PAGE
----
been rasped down in front to fit a shoe (see Figure 3). Buttress Foot has
swelling in the front of the foot directly above the coronary
Figure 4). This can be caused by ringbone or a small
fracture of the very front of the coffin bone. Ringbone
is new bone growth occurring at either the proximal (P1), middle
(P2) or distal phalanx (P3). High ringbone is between P1 and
P2, whereas low ringbone is between P2 and P3. This bone production
is usually initiated by inflammation in the covering of the bone,
then bone production is started and grows over the normal bone.
It is not a favorable prognosis, especially if it involves the
joints, since treatment is limited once the ringbone is present.
Then when you evaluate the foot further you should see how they
relate to one another and to the entire leg itself. Horses can
be toed out or toed in which are pretty self explanatory.
Toed out horses point their toes out slightly and are sometimes
called splay footed. Toed in horses point their toes in
slightly and are often called pigeon toed. Horses are
also base wide or base narrow which means that
the space between their feet is either wider or narrower than
the space in between their front limbs directly under their chest.
So stand your horse like you would for a halter class (all four
legs next to each other and squared up) and evaluate your horse's
front legs. Knowing this type of information will help you better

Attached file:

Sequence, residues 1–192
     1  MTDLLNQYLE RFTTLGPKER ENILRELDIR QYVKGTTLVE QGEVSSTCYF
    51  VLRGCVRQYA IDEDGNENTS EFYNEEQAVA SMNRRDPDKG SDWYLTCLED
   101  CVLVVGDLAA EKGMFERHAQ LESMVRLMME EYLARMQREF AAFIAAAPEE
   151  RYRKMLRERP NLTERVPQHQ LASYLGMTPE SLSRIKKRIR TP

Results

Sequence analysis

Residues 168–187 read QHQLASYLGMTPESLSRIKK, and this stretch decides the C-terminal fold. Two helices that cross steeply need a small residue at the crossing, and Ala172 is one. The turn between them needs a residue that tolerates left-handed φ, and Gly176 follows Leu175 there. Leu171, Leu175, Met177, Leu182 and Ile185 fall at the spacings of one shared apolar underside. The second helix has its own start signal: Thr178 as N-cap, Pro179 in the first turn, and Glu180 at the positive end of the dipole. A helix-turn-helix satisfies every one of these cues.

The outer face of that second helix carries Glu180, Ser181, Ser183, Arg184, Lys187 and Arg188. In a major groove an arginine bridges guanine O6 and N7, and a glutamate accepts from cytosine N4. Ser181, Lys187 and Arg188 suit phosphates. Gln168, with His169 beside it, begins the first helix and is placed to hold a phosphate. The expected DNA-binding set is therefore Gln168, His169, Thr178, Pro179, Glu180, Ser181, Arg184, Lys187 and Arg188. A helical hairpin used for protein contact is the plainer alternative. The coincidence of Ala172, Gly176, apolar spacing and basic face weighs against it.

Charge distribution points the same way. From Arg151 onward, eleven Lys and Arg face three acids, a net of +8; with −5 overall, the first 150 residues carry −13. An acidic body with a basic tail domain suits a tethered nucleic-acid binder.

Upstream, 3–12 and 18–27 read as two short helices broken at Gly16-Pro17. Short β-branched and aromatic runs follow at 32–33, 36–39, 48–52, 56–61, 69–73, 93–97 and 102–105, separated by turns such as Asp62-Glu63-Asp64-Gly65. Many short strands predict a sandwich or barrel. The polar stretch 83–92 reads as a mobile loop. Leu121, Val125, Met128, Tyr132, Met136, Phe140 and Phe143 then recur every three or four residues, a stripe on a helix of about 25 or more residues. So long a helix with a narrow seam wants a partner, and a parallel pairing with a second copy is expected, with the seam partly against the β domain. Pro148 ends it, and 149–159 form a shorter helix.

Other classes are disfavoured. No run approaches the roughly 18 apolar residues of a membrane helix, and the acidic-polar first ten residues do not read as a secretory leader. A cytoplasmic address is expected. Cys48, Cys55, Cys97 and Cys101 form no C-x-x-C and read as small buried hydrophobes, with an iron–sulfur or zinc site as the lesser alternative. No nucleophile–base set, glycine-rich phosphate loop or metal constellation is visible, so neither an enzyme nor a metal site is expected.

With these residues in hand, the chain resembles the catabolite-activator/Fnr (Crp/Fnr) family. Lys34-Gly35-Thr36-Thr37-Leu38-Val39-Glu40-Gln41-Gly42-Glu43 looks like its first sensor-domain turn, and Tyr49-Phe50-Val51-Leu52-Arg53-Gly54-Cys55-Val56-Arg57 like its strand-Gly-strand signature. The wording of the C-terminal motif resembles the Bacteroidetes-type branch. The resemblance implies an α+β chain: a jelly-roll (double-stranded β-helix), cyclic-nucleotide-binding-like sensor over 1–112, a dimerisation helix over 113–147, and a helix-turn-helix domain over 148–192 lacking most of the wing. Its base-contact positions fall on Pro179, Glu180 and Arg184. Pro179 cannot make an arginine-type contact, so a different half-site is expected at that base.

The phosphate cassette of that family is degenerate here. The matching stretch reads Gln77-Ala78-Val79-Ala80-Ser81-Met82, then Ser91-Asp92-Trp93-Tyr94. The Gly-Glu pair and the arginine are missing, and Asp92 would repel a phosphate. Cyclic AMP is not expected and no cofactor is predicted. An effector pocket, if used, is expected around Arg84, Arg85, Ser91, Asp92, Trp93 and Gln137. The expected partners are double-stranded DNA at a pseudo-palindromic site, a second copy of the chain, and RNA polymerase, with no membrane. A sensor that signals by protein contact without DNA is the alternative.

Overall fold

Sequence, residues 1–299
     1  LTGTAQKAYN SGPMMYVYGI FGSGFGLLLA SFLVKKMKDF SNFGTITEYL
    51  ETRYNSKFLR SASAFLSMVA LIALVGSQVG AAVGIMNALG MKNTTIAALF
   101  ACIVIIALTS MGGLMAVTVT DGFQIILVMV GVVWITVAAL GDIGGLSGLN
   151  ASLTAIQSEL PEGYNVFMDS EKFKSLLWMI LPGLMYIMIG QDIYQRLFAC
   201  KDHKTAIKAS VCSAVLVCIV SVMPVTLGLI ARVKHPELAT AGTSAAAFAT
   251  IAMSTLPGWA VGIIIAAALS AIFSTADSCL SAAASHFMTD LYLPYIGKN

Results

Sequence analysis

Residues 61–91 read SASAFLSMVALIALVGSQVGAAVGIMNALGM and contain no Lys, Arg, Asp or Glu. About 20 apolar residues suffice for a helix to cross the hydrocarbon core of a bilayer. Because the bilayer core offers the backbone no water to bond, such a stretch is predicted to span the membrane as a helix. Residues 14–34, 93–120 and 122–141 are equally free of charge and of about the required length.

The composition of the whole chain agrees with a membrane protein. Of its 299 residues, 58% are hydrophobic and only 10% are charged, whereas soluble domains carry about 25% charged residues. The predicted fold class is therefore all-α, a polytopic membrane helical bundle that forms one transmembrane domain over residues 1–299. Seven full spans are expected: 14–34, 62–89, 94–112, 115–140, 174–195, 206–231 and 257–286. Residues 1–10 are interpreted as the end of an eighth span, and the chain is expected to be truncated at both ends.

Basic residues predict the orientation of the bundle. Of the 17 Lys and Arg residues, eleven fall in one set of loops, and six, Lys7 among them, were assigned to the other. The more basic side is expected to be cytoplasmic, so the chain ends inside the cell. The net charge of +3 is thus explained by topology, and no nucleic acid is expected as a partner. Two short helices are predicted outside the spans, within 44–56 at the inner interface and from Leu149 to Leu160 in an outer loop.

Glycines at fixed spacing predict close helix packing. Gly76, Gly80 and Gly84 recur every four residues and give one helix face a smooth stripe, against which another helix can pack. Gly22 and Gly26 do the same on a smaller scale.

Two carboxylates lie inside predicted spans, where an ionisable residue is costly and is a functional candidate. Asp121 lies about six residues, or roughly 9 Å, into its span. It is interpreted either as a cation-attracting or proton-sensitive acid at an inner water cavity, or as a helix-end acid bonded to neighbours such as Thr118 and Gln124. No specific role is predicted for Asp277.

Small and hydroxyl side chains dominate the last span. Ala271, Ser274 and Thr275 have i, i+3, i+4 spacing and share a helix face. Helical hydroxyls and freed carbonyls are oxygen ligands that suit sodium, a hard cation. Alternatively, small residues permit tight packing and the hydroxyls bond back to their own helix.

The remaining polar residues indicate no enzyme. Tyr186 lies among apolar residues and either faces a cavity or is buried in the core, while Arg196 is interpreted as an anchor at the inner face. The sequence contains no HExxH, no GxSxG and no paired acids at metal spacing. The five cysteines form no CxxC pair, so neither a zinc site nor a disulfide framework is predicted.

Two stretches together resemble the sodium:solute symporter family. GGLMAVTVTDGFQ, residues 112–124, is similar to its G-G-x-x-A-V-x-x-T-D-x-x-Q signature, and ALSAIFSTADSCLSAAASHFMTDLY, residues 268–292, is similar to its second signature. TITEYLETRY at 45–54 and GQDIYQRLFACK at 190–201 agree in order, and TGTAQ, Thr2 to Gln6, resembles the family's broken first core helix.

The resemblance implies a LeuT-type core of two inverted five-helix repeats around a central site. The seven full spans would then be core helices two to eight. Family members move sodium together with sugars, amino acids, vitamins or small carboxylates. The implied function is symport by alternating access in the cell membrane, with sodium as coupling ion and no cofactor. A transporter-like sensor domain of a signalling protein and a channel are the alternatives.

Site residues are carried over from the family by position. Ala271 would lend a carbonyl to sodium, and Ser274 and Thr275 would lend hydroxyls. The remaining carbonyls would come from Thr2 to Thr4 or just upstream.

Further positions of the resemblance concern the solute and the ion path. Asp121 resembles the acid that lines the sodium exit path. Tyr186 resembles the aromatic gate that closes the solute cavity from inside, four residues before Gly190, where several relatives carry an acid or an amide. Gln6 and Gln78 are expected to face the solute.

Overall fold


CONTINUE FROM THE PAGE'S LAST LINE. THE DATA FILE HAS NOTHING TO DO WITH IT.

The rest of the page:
understand your horse's movement. A base-narrow, toe in conformation
Figure 5) often paddles which means their foot
moves out during its flight. This paddling often results in excessive
strain to the outside of the leg causing windpuffs (discussed
later) or sometimes ringbone. The outside of the foot will wear
down quicker as well. Base narrow, toed out conformation (see Figure
6) horses often wing, which means their foot's
flight goes inward often hitting the other forelimb. Plaiting
can also occur in these horses when the front feet land directly
in front of the each other which can cause stumbling. This plaiting
often results in injuries to the inside of the cannon and splints
(discussed later). A base-wide, toe out conformation horse (see Figure
7) also wings to the inside landing on the inside hoof
wall with similar injuries to the base narrow, toed out horses.
Splint bones are the small bones to the inside and outside
of the cannon bone (see
Figures 1 & 2). These bones are attached to the cannon
bone by ligaments and therefore support or "splint"
the cannon bone. These bones when injured or inflamed can cause
localized swelling over the site and cause pain and lameness
for the horse. Splints often occur to the inside splint
bone when injured by the opposite leg, as we discussed in toed